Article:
Copper pots and pans also have a purpose other than looking attractive. Professional chefs prefer cooking with copper kitchenware because its heats up uniformly, preventing heat spots.
4. It’s in your wallet
At some stage or another, most countries have used trusty old copper to mint their coins. Today, Britain’s two lowest value coins (1p and 2p) are made of copper-plated steel, having previously been 97% copper. When copper prices surged in the mid-2000s, the intrinsic value of these majority copper coins would’ve amounted to double their face value if they’d been melted down. Copper-coloured coins are still colloquially called “coppers” in Britain, although a “copper” can also refer to a policeman.
The American “cop” also has its roots in the metal: policemen in the United States used to wear uniforms with copper buttons. Present-day American coins are comprised of a solid copper core with an outer layer of copper-nickel alloy, and copper was chosen for Euro coins partly because it allows for easy re-moulding. Coins made from copper or zinc alloys produce a very specific electrical resistance and conductivity, which lets vending machines know whether a coin is legal tender or not.
While copper-clad steel was used to mint coins in Zambia until the late eighties, today the only trace of copper you’ll detect in the currency is the image of miners working in a copper mine, printed on the reverse of the twenty kwacha note.
5. It’s in all your electronics and appliances
Copper has been perhaps the most influential metal to humankind and our technological advancement. Copper’s history may go back as far as 10,000 years, and was probably the earliest non-precious metal used by the Sumerians and Chaldeans of Mesopotamia some 6,000 years ago. In modern technology, copper is indispensable.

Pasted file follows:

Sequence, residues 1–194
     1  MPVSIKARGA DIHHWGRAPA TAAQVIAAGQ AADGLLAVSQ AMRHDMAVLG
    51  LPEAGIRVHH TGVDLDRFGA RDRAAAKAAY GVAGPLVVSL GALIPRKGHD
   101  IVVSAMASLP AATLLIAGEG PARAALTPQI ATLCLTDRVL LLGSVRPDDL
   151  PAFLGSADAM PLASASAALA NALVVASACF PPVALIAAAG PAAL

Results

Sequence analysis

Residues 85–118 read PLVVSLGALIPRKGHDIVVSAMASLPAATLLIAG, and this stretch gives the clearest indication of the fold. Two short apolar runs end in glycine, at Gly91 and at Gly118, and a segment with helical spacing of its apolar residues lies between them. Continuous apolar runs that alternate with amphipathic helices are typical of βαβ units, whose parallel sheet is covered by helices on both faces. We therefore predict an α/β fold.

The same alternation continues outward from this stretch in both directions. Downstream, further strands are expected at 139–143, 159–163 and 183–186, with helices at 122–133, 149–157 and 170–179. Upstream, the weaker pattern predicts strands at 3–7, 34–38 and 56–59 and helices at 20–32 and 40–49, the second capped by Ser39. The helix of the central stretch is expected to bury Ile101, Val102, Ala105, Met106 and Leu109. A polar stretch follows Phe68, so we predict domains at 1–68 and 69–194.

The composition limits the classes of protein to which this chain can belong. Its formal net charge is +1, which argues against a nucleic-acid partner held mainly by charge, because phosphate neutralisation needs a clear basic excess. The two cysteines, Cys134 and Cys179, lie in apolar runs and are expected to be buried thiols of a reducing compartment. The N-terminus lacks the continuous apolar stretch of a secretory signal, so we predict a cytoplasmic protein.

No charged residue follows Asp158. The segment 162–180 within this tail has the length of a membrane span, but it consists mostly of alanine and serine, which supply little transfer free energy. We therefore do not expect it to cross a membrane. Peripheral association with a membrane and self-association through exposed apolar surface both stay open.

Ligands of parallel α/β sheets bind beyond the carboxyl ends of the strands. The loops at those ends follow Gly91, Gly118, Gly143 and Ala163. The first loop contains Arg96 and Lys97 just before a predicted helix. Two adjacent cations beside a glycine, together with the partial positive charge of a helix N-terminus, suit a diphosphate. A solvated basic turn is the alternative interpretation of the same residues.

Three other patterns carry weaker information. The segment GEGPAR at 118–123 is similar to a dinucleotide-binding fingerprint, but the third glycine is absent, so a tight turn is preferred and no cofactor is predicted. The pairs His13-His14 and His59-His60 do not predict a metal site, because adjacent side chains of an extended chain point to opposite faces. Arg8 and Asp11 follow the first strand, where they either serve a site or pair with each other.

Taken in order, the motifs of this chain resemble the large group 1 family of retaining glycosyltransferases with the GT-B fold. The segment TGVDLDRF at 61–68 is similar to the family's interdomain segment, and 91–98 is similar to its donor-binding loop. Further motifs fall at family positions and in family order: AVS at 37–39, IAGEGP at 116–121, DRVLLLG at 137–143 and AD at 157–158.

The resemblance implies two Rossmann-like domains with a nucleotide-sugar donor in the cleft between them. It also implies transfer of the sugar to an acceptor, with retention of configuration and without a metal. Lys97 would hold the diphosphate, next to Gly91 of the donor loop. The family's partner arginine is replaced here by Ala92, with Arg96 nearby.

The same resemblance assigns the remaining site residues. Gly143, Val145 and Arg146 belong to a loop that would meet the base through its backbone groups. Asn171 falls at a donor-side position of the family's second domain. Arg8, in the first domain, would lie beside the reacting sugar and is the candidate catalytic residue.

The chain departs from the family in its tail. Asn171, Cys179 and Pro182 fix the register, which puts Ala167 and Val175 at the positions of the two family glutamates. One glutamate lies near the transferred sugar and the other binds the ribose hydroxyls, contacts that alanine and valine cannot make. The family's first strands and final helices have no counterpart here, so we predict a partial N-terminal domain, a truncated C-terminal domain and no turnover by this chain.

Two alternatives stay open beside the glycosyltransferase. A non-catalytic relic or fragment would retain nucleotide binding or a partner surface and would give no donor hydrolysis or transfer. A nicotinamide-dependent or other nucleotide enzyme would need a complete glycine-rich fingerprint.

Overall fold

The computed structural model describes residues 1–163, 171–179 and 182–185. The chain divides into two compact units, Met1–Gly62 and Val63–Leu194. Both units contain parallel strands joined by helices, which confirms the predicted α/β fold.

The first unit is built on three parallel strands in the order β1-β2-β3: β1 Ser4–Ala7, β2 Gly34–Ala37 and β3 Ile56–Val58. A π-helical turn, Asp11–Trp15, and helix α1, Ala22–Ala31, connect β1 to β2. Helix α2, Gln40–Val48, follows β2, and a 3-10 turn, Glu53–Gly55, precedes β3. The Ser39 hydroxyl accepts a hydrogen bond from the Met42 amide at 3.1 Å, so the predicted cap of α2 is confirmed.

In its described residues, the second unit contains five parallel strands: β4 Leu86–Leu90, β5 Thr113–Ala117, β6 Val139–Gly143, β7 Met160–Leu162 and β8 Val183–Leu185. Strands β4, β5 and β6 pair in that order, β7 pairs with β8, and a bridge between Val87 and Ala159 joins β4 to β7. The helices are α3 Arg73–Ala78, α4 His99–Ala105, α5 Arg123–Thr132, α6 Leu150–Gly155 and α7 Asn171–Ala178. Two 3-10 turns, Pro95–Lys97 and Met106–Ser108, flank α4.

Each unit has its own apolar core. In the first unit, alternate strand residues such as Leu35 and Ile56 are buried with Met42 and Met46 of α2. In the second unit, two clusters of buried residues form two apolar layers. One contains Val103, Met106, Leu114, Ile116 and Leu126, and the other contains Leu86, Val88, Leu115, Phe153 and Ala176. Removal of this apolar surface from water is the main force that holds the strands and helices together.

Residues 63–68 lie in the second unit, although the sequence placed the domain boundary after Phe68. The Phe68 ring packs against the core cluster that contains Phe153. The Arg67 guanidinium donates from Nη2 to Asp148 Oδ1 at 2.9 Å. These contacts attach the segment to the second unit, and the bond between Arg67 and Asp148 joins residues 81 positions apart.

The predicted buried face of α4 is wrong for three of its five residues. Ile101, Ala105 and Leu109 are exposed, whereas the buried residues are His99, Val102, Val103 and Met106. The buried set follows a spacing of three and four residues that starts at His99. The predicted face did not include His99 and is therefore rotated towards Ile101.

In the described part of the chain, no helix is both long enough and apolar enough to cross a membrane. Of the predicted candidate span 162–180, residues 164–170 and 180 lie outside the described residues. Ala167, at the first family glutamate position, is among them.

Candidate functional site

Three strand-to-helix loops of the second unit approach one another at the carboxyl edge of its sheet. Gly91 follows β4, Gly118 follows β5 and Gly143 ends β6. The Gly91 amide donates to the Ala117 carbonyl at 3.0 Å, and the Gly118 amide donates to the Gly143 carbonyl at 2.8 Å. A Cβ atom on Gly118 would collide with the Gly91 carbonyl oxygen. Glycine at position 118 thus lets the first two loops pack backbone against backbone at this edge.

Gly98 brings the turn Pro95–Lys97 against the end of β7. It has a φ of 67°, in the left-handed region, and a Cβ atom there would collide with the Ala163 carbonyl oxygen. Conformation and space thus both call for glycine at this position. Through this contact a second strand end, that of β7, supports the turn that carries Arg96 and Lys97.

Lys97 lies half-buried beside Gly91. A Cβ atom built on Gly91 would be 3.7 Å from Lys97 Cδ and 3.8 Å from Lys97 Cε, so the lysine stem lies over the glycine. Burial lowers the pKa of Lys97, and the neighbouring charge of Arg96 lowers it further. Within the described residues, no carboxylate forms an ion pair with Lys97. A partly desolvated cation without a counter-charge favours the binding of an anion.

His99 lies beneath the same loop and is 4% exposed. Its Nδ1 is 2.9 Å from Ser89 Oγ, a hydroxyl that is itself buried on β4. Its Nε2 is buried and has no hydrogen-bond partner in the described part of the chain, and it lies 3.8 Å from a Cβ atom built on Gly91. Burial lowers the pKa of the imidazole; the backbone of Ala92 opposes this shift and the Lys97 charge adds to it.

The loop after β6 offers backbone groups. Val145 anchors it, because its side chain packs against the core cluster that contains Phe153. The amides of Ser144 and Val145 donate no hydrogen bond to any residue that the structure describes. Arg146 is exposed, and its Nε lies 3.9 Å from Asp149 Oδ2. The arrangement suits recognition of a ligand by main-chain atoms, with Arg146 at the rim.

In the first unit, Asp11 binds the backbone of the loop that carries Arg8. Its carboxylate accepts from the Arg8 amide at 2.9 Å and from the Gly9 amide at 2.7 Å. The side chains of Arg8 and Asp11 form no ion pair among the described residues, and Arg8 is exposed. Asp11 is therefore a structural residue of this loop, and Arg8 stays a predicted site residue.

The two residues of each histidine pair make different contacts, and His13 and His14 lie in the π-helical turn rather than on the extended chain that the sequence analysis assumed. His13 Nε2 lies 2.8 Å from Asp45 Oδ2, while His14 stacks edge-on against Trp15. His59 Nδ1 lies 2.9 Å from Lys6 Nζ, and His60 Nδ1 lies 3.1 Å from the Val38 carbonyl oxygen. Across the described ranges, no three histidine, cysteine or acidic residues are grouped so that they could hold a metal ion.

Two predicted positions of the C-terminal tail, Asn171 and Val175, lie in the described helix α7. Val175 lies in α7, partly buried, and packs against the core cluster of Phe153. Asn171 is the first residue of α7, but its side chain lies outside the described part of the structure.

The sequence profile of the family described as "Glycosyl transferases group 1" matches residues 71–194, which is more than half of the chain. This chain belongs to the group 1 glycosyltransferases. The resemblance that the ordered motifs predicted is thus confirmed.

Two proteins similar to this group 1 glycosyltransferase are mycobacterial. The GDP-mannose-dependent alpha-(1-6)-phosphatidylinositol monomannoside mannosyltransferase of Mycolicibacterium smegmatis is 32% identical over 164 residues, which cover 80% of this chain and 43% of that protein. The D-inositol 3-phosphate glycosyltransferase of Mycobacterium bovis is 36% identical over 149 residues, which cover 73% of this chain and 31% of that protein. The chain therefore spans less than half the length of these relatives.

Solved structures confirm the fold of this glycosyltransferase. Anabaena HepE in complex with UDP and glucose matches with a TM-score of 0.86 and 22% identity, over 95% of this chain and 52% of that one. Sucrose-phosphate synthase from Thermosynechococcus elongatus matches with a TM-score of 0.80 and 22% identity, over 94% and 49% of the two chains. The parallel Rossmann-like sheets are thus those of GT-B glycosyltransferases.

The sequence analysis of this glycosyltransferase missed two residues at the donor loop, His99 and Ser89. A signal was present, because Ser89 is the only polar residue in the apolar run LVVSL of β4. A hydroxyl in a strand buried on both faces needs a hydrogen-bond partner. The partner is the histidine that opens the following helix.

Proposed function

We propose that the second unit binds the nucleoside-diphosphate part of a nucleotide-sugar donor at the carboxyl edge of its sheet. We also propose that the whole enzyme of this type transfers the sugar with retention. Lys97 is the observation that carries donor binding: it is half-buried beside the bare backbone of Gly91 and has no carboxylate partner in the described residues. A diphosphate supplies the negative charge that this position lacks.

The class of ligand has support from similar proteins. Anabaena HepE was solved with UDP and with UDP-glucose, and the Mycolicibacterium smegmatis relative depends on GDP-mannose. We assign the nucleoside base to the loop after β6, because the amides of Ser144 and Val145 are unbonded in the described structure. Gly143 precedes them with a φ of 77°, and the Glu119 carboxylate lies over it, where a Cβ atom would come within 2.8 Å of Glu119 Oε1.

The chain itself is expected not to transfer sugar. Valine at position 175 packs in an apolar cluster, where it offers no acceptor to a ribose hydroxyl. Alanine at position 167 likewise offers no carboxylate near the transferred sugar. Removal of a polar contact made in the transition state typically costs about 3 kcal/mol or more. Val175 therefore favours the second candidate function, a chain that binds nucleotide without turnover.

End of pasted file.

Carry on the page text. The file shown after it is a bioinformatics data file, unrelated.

Practically all your electronics contain copper, from smartphones, to computers, to televisions, to cell phones. So do your household appliances: refrigerators, washing machines, dryers, microwaves, and dishwashers all contain copper wiring. Because of copper’s high degree of thermal conductivity, hot water storage tanks are lined with copper plating, and household heating elements like stoves and electric kettles are copper. Copper is an excellent electrical conductor, is strong yet malleable, and resistant to corrosion, so it’s an obvious choice for appliance manufacturing.
But perhaps the most common household use of copper is in plumbing. Although cheaper plastic piping is on the rise, over 85% of homes in the United States utilise copper plumbing systems.
Copper for sustainable households
Plastic may have short-term appeal when it comes to household features like piping. But copper’s wide-ranging applications and cost-effectiveness have made it a household favourite for a remarkably long time. As environmental sustainability increasingly enters public consciousness, a material like copper that is 100% recycle may be the only feasible solution for maintaining the modern – but copper-reliant – lifestyles to which we’re now accustomed.